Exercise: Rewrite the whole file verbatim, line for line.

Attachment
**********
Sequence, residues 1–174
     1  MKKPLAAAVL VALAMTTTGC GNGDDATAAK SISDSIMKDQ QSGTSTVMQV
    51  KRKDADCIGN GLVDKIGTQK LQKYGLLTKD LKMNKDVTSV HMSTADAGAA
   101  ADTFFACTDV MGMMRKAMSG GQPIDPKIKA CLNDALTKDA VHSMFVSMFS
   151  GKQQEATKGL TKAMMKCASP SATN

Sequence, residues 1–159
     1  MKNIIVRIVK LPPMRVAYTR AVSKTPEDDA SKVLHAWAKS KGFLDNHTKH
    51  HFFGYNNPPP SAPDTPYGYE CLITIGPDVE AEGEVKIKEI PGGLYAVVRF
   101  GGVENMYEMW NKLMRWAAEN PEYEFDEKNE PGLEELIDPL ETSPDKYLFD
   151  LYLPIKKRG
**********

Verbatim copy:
Sequence, residues 1–174
     1  MKKPLAAAVL VALAMTTTGC GNGDDATAAK SISDSIMKDQ QSGTSTVMQV
    51  KRKDADCIGN GLVDKIGTQK LQKYGLLTKD LKMNKDVTSV HMSTADAGAA
   101  ADTFFACTDV MGMMRKAMSG GQPIDPKIKA CLNDALTKDA VHSMFVSMFS
   151  GKQQEATKGL TKAMMKCASP SATN

Sequence, residues 1–159
     1  MKNIIVRIVK LPPMRVAYTR AVSKTPEDDA SKVLHAWAKS KGFLDNHTKH
    51  HFFGYNNPPP SAPDTPYGYE CLITIGPDVE AEGEVKIKEI PGGLYAVVRF
   101  GGVENMYEMW NKLMRWAAEN PEYEFDEKNE PGLEELIDPL ETSPDKYLFD
   151  LYLPIKKRG